Review: David Herd's All Just
Despite the promise of political satire in its title, David Herd's first collection, Mandelson! Mandelson!: A Memoir (2005), wasn't about New Labour's infamous spin doctor. Nor was it much of a memoir. Instead, its concern was "the age of Mandelson": a world of hyperreality, sinister anonymity, confusion, mis- and disinformation overload, surface sheen and little substance. The book's brisk, tumbling, disorienting poems supplied a mimetic equivalent to our early twenty-first century, where politics, and indeed the language we use, have become increasingly divorced from any stable sense of reality. Herd's style was not a new one. The influence of John Ashbery and the New York School is apparent in any postmodern attempt to make poems a direct record of the muddled process that engenders them. Nevertheless, Herd's mixture of broad societal concerns with that particular kind of poetics produced a first book that was as provocative and freewheeling as it was deliberately baffling and infuriating.
His new collection, All Just, sees a continuation of that project. Its title strikes a note of exasperation and inequity, but also gestures towards the shortcomings of language: semantic slipperiness, contextual imprecision and redundant cliché may be permanent problems, but these, the poems imply, are exacerbated by the babble, officialese and celerity of our times. The book's opening poem, "3 a.m.", looks beyond Ashbery and back to Arthur Rimbaud, one of the original pioneers of lyrical abandonment, recasting the prose style of the enfant terrible's letters as an embryonic poetics. Its appeal to Herd surfaces in a mixture of Rimbaud's staccato syntax and swatches of fractured phrases, the twin bases of All Just's disjointed bricolage. Yet Herd also shares Rimbaud's appetite for sensory disorder and self-abnegation, part of a professed attempt to free language (and thus, in an Orwellian sense, thought) from its customary structures, returning the world to itself through willed objectivity. "Objective Song" formulates this position with unusual clarity, its speaker remembering how he once "wanted things / fixed", before his recognition of the undecidable flux of the world took hold. Rimbaud's drunken boat even makes an appearance.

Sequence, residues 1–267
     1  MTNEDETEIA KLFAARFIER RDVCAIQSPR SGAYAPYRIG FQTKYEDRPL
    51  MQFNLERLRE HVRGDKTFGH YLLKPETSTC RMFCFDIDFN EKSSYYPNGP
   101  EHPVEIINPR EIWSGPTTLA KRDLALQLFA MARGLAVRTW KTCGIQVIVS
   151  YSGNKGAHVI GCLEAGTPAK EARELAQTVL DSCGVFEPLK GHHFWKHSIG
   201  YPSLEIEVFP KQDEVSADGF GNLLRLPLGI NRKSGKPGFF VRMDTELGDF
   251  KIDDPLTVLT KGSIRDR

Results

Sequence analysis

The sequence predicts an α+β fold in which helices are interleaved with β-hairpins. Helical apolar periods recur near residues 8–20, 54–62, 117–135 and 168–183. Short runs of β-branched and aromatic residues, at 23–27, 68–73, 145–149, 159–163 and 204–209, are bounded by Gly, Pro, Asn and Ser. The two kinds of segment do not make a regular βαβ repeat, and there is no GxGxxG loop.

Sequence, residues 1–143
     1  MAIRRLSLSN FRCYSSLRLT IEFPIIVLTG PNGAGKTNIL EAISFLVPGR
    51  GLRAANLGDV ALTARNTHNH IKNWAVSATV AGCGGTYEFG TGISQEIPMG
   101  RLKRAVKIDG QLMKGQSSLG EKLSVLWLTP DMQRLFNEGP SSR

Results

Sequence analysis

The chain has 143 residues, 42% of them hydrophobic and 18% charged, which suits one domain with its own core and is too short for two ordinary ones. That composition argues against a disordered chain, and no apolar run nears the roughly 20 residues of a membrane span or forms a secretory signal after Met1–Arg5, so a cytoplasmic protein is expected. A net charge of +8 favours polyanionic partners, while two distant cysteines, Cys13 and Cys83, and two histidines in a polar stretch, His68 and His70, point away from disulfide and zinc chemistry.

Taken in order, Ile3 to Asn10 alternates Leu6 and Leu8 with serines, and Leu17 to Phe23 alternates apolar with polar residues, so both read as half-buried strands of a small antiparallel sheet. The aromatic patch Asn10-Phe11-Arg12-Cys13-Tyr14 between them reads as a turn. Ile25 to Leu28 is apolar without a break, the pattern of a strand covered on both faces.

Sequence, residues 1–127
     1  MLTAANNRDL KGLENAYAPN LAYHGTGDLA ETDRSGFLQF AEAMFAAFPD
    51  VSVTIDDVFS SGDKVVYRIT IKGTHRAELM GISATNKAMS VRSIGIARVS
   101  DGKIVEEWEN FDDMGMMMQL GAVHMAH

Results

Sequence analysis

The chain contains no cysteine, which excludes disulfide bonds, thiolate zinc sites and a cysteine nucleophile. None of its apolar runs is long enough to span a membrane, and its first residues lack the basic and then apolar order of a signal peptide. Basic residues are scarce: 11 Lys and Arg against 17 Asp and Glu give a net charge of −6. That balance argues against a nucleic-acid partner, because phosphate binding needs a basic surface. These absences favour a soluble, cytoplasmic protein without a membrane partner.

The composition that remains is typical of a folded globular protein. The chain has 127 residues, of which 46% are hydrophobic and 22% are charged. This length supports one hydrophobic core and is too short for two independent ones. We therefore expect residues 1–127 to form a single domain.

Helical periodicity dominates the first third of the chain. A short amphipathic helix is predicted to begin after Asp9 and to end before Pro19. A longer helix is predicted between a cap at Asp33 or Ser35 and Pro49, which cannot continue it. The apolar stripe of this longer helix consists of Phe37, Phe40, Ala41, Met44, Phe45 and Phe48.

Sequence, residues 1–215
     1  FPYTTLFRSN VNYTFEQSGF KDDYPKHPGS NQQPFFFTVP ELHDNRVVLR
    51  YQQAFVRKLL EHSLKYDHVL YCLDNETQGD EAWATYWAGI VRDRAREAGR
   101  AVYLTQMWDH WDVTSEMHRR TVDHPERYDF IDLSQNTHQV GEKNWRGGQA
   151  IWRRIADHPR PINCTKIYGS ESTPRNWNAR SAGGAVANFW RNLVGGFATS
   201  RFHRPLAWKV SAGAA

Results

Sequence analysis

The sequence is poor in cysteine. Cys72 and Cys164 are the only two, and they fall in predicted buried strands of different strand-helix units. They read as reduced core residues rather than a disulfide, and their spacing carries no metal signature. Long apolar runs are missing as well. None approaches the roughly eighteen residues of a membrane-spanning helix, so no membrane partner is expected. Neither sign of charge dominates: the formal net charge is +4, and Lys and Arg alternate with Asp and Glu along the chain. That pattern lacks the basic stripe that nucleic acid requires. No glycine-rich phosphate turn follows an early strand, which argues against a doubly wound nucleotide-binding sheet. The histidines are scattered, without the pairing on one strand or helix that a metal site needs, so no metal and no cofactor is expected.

The problem is that the majority of the poems in All Just do not fully live up to this ambitious agenda. There is often a satisfying sense of serious play in Herd's writing. "Outwith", which takes its title from a Scots word for "outsideness", cuts and pastes together descriptions of a landscape with snatches of a recorded phone message, conjuring the homogenized non-places contemporary society creates, while also undermining any coherent sense of self in its abandoned lyric "I". Elsewhere, "3 poems becoming elegy" posits cellular duplication as an analogy for "what the poem hankers after": "another poem, / splitting itself off" provides a curious image for the abrupt departures and collisions of register, syntax, rhythm and sense that Herd's poems deploy. Pithy vignettes, billed as "songs", also pepper the book with a pared-back imagism. But too often Herd's poems merely reflect and revel in disorder and fragmentation, rather than attempting to reimagine and renew their subjects. This is the work of a keen intelligence, so why it frequently fails to recognize that difficulty, never simply a virtue in itself, requires a reward commensurate with the effort demanded of the reader is more of a puzzle than the poems themselves.
The book's more directly enquiring pieces are the most rewarding. In rendering sociopolitical issues personal, "The hearing" allows its human subject - an immigrant woman and her complex circumstances - to emerge in a powerful blend of perspectives and languages, while "Fact" borrows the title of William Carlos Williams's "This Is Just To Say" to signal the disturbing lack of rights afforded to an immigrant detainee. Herd deserves recognition for broaching such difficult material. Yet, despite this, All Just remains a book that offers too little to frame the chaos it reflects, asking more of its readers than it tends to return.
first published in the Times Literary Supplement, March 15 2013